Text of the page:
Academic journal article Medium Aevum

Les Chiens De Dieu: La Représentation Du Loup-Garou En Occident

Academic journal article Medium Aevum

Les Chiens De Dieu: La Représentation Du Loup-Garou En Occident

Article excerpt

Gaël Milin, Les Chiens de Dieu: La représentation du loup-garou en Occident (XI' - XX7 siècle (Brest: Centre de Recherche Bretonne et Celtique, 1995). 201 pp.; 10 illustrations. ISBN 2-901-737-12-9. No price given.

Even medievalists are not immune to the fascination of werewolves, and the striking, full-colour dust-jacket of this volume, showing a fine example of one of these predatory man-beasts, immediately catches the eye. The liveliness of the cover is not belied by the content, although this is no popularizing potboiler but a serious academic study based mainly on literary and folktale sources, complemented by illustrations contemporary to them. Combining extensive research with a clear and accessible style, the author surveys the traditions of werewolves or 'dogs of God' (the tide derives from Lithuanian tradition) from the Middle Ages onwards, first glancing at the preceding classical sources and early Germanic and Scandinavian analogues. Much of the earlier material will be familiar: from Petronius and Pliny to the medieval French narratives such as Marie de France's Bisclavret or the Roman de Renart, where the anthropomorphized wolf, Ysengrin, appears as a foil to the wily fox. But we are also taken off the beaten track to consider the misfortunes of Sir Marrok in Malory's Morte Darthur (though it is a pity that reference is made to Somme r's antiquated edition rather than to the modern one of Vinaver and Field) or the Irish werewolf couple whose punishment is recounted in the Topographia Hibernica of Giraldus Cambrensis (here inaccurately described as a 'clerc gallois' rather than a three-quarters Norman nobleman).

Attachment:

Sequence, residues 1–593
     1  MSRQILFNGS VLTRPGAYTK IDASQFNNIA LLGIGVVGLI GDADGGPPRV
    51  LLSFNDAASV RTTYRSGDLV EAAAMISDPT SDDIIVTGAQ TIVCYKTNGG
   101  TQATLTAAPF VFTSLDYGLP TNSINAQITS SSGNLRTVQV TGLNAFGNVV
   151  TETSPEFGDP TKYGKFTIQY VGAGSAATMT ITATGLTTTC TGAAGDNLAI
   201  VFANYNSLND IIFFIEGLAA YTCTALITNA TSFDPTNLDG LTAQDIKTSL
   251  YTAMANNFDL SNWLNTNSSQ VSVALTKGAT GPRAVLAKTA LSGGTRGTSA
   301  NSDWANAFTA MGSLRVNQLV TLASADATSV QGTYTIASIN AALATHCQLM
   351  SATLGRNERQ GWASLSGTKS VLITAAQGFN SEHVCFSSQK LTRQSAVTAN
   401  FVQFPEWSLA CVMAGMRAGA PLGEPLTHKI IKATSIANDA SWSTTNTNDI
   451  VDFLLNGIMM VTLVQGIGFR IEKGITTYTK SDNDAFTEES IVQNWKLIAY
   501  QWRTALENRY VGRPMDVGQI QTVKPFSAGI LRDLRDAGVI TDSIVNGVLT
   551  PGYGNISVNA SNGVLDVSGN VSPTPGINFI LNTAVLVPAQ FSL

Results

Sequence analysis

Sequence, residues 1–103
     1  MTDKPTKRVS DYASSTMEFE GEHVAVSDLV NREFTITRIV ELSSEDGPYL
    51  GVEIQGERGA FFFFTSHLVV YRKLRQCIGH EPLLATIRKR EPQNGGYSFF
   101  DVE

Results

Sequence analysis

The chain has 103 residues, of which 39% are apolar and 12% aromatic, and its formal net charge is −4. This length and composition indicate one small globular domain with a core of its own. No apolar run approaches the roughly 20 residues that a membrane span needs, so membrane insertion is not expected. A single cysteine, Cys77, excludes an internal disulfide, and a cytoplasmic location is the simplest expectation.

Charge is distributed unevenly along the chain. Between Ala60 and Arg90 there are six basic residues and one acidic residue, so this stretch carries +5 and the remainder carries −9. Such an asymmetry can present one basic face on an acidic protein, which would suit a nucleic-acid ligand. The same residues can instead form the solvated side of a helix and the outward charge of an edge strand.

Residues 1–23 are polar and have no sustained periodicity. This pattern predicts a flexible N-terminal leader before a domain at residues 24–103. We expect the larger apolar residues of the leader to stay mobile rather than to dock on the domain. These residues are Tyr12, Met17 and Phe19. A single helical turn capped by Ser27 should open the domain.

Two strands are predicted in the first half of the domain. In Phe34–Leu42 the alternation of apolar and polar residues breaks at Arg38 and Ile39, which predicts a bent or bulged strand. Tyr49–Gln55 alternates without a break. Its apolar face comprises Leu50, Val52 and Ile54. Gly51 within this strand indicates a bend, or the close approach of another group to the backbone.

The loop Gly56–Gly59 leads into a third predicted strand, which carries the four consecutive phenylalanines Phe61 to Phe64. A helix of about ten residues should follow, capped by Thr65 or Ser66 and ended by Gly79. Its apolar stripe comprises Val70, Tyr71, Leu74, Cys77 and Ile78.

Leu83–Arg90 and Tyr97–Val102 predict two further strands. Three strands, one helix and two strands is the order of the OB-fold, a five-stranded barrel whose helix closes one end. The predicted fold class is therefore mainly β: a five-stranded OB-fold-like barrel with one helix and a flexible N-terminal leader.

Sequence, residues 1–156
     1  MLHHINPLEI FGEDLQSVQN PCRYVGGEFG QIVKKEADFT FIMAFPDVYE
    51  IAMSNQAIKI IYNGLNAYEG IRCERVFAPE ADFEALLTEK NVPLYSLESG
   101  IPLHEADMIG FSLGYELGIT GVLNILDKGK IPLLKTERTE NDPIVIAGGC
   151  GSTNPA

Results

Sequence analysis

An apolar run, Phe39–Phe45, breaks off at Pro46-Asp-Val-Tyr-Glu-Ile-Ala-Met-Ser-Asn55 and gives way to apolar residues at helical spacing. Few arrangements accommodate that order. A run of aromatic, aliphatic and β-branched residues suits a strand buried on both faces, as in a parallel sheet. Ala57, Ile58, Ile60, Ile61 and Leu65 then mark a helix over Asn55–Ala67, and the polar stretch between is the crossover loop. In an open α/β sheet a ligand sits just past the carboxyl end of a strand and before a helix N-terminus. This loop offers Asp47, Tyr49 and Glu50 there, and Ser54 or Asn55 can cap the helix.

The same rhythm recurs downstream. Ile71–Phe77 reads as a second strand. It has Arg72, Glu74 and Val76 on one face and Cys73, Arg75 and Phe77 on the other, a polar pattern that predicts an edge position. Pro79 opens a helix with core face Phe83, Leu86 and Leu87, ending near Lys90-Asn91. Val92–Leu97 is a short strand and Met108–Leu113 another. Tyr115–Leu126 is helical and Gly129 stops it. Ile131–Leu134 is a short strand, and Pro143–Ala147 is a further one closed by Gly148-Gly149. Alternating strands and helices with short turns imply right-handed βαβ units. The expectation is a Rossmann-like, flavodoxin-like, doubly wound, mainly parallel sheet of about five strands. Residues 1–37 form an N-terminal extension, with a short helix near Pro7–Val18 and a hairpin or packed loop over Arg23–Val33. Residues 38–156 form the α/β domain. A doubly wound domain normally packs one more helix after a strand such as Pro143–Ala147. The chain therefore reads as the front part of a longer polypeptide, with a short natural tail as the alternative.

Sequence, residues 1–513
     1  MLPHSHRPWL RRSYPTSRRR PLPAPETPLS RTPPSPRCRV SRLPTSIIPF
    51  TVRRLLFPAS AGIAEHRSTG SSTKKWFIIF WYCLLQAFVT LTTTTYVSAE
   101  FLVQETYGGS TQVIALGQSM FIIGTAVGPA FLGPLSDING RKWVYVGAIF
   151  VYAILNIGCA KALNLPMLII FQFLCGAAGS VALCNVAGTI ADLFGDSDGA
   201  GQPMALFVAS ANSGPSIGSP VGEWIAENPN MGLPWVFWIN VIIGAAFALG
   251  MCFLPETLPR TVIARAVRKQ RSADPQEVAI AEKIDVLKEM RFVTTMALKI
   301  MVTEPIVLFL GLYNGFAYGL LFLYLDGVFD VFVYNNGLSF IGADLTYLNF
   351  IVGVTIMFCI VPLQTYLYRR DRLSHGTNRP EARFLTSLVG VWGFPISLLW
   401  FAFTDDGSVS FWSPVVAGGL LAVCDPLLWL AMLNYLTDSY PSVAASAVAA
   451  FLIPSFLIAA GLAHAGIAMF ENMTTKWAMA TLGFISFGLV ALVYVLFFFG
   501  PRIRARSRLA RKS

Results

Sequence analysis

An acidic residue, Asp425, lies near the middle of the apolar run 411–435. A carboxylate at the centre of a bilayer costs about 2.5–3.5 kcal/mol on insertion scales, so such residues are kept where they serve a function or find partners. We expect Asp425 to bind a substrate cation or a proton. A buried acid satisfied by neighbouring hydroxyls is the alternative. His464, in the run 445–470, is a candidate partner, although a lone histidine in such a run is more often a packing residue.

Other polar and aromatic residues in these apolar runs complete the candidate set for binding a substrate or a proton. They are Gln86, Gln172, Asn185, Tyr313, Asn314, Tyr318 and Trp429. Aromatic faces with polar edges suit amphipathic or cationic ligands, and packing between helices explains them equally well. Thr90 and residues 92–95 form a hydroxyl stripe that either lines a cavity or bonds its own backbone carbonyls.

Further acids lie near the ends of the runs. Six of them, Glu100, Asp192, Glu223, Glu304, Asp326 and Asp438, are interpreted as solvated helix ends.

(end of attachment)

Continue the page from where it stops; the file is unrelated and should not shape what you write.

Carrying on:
Taking a long time-scale has permitted Gaël Milin to demonstrate that the representation of the werewolf, and attitudes to the phenomenon, were never static but evolved along with society itself and the circumstances of people's lives. The study is arranged chronologically, with two substantial chapters being devoted to the Middle Ages. Here Milin's proven expertise in modem folklore methodology comes to the fore, enabling him to tease out new levels of meaning and revealing textual relationships in a fresh light. A discussion of early modern sources follows, the focus shifting, perforce, from the purely literary to the juridical sphere, since at this period the werewolf became increasingly conflated with witches and sorcerers, leading eventually to changes in the law in France. …

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